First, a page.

All insulin is not alike. You may already have heard of long-acting and short-acting insulin, but there are several other varieties too. Each has a specific role to play in helping regulate blood glucose (blood sugar) levels.

Different insulins or combinations of insulin suit different people's unique needs, and many people who use insulin require two or more types to achieve their blood sugar goals.

Your doctor determines which insulin to prescribe. But by learning more about how the different types of insulin work, you will be better able to monitor your response to your insulin. Then you can work together with your doctor to adjust your treatment plan to achieve and maintain the best possible control of your diabetes.

What is insulin?

Insulin is a hormone made in the pancreas and used every day in the human body. Whenever you eat, the food breaks down into sugar that moves into your bloodstream. Insulin is required to move that sugar from your blood into cells throughout your body so they can use it for energy.

Think of insulin as the key that opens cell doors to let blood sugar in.

Without insulin, all that sugar has nowhere to go, so it sits in your blood until it can be excreted, creating the high glucose levels that are the bane of people with diabetes.

Traditionally, insulin was only used to treat people with type 1 diabetes, whose bodies no longer make enough insulin. But insulin has also proven to be an excellent therapy for a growing number of people with type 2 diabetes, whose bodies make some insulin but struggle to use it effectively. Insulin is also sometimes used to treat other lesser-known forms of diabetes.

All popular types of prescription insulin must be injected into your bloodstream. If you swallowed insulin in a pill, the acid in your stomach would digest it, making it useless.

Early injections used insulin from cows and pigs. But modern medicine has developed laboratory-made insulin that is exactly the same as the insulin made in the human pancreas. Today this biosynthetic insulin is used almost exclusively.

The FDA has also approved Afrezza, an inhaled rapid-acting insulin that may provide an alternative to injections of rapid-acting insulin for some people.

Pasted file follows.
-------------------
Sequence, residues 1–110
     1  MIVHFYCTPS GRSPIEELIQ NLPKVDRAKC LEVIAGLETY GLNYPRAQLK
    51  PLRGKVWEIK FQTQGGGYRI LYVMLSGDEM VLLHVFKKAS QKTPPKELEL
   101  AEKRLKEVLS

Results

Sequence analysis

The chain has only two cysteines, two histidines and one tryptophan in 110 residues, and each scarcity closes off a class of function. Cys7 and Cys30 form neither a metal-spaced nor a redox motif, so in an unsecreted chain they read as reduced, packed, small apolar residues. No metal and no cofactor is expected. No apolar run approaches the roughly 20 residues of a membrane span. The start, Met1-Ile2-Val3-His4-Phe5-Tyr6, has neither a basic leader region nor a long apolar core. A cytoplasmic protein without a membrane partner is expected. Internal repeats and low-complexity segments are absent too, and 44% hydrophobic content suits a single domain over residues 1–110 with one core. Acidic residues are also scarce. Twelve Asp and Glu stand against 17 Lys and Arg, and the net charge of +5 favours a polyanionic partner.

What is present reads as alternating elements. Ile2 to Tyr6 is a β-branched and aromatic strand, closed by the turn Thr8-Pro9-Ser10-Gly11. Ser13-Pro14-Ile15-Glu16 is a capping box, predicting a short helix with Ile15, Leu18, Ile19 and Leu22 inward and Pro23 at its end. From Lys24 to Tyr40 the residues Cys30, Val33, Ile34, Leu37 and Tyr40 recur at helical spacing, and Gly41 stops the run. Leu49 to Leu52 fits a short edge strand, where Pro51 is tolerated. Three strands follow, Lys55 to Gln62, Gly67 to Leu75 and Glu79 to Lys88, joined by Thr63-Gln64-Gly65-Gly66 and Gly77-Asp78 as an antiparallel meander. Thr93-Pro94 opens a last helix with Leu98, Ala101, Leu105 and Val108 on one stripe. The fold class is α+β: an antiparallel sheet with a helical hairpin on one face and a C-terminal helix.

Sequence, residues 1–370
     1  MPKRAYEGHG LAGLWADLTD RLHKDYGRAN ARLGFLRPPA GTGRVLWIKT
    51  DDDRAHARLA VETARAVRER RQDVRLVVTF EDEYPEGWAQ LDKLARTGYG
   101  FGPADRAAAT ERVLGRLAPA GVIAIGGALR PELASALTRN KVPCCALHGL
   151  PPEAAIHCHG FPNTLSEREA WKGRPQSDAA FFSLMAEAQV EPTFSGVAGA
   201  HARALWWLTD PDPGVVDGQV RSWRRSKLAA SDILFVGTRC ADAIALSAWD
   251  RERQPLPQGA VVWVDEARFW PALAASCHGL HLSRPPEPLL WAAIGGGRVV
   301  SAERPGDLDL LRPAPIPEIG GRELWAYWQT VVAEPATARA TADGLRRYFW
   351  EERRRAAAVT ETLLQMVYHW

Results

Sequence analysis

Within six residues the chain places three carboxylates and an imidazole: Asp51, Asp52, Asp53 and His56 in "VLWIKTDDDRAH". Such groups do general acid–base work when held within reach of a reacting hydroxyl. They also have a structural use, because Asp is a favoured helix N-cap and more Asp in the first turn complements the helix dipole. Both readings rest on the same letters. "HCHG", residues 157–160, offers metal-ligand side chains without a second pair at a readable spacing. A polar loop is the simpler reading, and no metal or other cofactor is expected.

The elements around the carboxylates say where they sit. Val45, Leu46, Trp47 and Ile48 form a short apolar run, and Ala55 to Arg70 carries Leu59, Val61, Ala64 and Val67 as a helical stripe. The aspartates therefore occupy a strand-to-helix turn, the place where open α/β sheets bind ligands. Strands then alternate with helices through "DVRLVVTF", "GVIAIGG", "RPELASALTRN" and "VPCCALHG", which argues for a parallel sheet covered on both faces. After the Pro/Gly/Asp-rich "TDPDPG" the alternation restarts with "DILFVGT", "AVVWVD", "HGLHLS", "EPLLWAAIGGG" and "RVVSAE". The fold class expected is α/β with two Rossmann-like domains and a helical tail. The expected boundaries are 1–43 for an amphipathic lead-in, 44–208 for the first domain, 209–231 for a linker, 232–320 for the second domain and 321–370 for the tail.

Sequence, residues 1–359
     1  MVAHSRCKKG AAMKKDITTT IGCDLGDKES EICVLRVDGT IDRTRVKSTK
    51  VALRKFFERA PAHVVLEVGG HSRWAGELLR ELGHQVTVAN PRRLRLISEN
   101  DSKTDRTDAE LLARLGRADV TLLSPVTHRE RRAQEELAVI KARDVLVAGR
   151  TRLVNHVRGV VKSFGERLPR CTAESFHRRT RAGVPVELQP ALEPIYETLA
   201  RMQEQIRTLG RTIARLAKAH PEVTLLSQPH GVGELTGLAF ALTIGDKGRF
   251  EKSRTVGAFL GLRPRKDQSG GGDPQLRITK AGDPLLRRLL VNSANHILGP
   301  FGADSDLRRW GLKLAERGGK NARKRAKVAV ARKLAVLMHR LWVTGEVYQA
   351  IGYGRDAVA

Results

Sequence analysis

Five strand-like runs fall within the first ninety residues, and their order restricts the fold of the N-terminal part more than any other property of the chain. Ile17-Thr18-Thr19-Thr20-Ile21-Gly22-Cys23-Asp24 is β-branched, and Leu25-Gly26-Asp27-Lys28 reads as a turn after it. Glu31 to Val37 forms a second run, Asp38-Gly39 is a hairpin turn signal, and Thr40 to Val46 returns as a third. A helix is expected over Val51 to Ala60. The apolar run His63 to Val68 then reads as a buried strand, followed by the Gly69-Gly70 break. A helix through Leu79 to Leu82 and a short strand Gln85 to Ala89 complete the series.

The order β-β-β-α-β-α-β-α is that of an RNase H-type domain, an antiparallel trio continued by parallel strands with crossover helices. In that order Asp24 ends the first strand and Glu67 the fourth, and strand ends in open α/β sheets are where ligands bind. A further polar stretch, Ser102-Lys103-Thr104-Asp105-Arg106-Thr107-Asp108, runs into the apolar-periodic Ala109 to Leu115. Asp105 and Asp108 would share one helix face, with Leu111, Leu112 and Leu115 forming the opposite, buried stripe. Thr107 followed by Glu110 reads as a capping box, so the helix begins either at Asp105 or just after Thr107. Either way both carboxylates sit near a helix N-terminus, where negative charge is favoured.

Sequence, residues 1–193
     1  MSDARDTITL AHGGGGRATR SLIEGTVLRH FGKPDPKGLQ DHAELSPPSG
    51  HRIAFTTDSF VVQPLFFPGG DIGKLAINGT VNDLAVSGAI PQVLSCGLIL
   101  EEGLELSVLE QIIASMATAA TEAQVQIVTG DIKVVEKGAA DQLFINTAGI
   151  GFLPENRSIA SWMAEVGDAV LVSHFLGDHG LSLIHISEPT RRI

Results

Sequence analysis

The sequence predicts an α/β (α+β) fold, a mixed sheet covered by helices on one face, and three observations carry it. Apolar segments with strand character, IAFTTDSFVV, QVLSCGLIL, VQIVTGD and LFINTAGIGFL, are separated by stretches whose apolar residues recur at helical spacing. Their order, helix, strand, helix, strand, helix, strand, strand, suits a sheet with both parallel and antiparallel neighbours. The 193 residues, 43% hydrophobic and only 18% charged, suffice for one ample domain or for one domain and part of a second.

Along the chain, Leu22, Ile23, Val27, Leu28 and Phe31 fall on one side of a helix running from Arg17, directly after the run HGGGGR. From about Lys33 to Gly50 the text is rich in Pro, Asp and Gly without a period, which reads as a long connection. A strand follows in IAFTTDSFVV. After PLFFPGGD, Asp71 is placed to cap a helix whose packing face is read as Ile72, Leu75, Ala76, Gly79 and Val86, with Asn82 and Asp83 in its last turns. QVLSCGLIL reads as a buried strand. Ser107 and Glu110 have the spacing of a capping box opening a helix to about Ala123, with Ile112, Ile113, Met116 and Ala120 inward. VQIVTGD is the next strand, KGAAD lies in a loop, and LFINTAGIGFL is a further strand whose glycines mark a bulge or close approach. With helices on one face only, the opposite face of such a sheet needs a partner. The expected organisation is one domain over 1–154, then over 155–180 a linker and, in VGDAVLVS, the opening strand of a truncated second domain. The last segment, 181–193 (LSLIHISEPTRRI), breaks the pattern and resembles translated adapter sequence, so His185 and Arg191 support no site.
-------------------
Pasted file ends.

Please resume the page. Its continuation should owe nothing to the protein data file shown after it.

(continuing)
Different insulins for different needs

Medical advances have created different types of lab-made insulin, called insulin analogs. They vary in how they act within the body in three important ways:

• Onset, which is how soon the insulin starts to lower your blood sugar after you take it
• Peak, the time when the insulin achieves its greatest effect on lowering blood sugar
• Duration, how long the insulin keeps working before it wears off

Individuals respond differently to the same medicine, and insulin is no exception. Your onset, peak, and duration times may vary from the averages mentioned below. That’s another good reason to work closely with your doctor to find the best insulin treatment plan for you.

Here are the most common types of insulin available today:

Rapid-acting insulin has the fastest onset, averaging 15 minutes. It typically peaks in 30 to 90 minutes and lasts one to five hours. Rapid-acting insulin covers insulin needs when meals are eaten at the same time as the injection is administered. Most people who use rapid-acting insulin also use a longer-acting insulin. Brands include NovoLog (generic: aspart), Apidra (glulisine), and Humalog (lispro).

The rapid-acting inhaled insulin Afrezza achieves peak levels in about 15 minutes and may last up to three hours. It is not recommended for smokers, people with chronic lung disease such as asthma, or to treat a condition called diabetic ketoacidosis.

Short-acting insulin kicks in a little slower and lasts a little longer: the typical onset is 30 to 60 minutes, peak is two to four hours, and duration is five to eight hours. It is injected 30 to 60 minutes before a meal. Brands include Humulin R and Novolin R, also generically called “regular (R).”